On Being Left Alone
[Listen to an audio version of this blog here.]
I am objectively tired of dealing with people. I'm ready and willing to be a recluse. Buy a cabin somewhere quiet and green. Plug all the outlets so I can't charge my phone. Bury my computer in the backyard of a house I don't own. Breathe air that is clean and not talk to anyone, ever again. I'm only sort of joking.
When we were kids, my brother used to sit quietly in the car and stare out the window. I had to be entertained, and his insistence on just looking outside was enormously frustrating. The audacity. Except now, I understand. I too, would like to go on a road trip where I am not driving and also not expected to maintain consistent chit-chat. I would pay someone a lot of money to drive me somewhere and say nothing.
The last time I took an Uber, I was traveling from a busy convention center in downtown Indianapolis to the Indy airport. Both busy places. Both places I didn't necessarily want to be. I requested that my Uber driver not talk to me, because that's something we can do now. We can click a button that says, "Silence" and another human will actually be silent. Except, my Uber driver was not silent. He wanted to know why I was in Indy, what I was doing, if I'd had the chance to eat a steak, if I liked my steak, if I was familiar with the ins and outs of college basketball. I wanted to pretend to fall asleep. I wanted to cry. I wanted to scream.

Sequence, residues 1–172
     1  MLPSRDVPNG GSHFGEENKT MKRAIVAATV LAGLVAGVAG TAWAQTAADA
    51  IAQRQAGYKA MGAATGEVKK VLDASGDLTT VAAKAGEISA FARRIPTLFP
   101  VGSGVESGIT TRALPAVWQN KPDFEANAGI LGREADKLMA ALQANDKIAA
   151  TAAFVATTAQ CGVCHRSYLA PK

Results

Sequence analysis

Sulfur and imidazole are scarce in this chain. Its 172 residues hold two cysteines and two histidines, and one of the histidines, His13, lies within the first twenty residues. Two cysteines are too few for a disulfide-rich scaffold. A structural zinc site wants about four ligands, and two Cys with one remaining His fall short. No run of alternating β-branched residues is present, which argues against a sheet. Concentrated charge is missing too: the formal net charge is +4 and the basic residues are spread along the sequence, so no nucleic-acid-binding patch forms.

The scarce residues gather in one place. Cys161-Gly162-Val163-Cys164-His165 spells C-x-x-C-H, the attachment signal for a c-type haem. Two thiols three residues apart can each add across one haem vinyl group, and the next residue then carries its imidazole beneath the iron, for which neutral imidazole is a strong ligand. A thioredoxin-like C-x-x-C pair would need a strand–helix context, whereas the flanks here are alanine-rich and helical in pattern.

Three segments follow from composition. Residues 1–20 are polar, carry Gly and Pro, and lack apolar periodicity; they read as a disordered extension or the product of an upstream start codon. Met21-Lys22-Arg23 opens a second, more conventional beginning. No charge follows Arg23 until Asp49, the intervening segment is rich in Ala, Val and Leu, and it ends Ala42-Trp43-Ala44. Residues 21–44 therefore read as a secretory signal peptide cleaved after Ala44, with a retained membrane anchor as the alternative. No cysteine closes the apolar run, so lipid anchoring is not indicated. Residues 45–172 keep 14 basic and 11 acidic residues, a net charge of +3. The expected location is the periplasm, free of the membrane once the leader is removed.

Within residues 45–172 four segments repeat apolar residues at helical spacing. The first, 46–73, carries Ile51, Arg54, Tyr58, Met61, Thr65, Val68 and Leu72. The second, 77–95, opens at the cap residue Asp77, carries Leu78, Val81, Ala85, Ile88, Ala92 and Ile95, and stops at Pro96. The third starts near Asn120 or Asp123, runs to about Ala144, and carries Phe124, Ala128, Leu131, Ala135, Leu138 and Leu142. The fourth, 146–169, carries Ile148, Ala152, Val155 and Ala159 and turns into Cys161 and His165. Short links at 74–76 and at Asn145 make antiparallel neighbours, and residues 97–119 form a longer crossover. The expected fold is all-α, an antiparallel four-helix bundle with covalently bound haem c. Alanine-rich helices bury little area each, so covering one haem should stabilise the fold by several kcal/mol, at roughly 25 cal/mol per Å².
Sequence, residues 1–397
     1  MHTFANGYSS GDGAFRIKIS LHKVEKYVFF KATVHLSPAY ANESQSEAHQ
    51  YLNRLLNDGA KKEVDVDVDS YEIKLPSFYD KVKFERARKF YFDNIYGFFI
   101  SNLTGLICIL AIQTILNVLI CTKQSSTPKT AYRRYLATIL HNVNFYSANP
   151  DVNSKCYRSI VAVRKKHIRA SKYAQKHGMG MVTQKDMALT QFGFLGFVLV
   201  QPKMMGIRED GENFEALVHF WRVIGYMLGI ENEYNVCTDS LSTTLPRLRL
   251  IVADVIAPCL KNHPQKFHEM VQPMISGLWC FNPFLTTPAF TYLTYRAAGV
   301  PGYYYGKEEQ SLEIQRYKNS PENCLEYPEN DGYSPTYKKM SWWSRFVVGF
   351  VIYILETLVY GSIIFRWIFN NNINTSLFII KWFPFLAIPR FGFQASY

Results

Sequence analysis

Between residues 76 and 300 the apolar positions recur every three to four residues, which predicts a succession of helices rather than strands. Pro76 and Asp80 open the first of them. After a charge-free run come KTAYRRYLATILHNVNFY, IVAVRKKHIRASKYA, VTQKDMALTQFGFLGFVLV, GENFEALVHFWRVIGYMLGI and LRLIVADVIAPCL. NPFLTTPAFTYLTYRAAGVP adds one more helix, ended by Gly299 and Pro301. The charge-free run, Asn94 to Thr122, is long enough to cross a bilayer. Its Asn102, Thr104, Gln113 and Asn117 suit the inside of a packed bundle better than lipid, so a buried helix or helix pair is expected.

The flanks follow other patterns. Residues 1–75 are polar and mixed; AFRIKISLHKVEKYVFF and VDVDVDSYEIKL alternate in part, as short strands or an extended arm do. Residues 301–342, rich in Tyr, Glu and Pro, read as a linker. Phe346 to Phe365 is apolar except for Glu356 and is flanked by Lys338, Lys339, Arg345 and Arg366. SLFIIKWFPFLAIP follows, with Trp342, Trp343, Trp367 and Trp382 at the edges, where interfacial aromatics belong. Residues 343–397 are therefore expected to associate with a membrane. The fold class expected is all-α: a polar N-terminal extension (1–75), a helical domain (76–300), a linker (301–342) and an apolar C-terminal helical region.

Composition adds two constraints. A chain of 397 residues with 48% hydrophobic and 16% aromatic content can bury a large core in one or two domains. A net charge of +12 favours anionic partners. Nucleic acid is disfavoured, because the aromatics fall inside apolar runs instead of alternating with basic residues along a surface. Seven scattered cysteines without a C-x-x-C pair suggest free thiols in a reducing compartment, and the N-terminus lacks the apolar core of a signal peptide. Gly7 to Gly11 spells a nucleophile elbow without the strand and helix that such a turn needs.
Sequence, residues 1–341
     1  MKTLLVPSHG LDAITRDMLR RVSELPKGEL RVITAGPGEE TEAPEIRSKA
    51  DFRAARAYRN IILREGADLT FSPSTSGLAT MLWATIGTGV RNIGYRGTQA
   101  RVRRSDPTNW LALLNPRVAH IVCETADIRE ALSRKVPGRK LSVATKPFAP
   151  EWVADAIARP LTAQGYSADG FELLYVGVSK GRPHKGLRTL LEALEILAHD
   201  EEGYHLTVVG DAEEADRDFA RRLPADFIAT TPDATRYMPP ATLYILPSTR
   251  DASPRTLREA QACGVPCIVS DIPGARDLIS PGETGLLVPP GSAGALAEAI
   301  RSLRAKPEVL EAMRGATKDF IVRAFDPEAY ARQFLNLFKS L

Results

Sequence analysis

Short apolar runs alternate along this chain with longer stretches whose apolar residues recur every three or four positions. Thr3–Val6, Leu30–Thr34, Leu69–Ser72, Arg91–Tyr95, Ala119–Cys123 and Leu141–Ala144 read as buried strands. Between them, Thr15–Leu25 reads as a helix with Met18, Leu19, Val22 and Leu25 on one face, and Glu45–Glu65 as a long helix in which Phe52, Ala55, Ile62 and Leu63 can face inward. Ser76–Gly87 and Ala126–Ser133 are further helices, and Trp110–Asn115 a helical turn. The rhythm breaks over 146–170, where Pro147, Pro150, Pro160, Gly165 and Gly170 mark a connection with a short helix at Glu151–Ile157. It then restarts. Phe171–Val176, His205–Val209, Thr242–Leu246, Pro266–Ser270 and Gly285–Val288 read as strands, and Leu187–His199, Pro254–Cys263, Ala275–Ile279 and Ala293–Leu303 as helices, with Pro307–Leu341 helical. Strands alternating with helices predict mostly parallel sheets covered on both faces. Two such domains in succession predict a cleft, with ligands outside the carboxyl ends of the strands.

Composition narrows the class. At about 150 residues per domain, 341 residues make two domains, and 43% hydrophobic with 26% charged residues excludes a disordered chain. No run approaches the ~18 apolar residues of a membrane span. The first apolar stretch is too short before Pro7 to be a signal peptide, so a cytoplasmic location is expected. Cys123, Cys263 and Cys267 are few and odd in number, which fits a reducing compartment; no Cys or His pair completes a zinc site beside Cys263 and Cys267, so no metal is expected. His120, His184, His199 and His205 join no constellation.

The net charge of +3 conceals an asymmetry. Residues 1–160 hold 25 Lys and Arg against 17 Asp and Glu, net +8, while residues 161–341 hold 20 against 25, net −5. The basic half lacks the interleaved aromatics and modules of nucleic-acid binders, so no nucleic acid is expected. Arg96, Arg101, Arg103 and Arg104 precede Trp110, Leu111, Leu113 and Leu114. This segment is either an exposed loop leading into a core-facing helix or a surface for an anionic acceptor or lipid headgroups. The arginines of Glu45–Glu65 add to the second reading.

I work in sales, and I'm expected to make 100 calls a week. Sometimes I make more than 100 calls because nobody answers, and I end up leaving the same voicemail over and over again, "Hi Debbie, Hi Josh, Hi Dr. Richards, Hi Mary Beth, Hi, Hi, Hi!" I have to bring energy to my day, every day. Nobody wants to hear from me to start with, and they'd want to talk to me even less if I sounded like a whiny lump of expired tofu.
The other day, I called a woman who filled out a "contact me" form on our website. Let's call her Kathy.
Me: "Hi Kathy, this is Sarah from TicketSignup."
Kathy: "....who?" Me: "Sarah from TicketSignup. You filled out a form on our website and I'm following up. We're a free event ticketing platform, does that ring a bell?"
Kathy: "Oh, that's right!"
Me: "Great! So, do you host events?"
Me: "Oh, so what was your interest in our platform?" Kathy: "I'm not. I'm not sure why you're calling?"
Me: "You filled out a 'contact me' form."
Kathy: "I didn't know you would call."
Two days later, Kathy sent me an email asking if I had any experience working with musical artists. She said she was creating an app, but she hadn't gotten started yet. She said she needed someone to market her "world class" events, and she sent a link to her website, which was nothing more than a wix outline. Her Google photo was a woman in a witch hat. I stared out my window for a while after that, wondering how Kathy gets by in this life.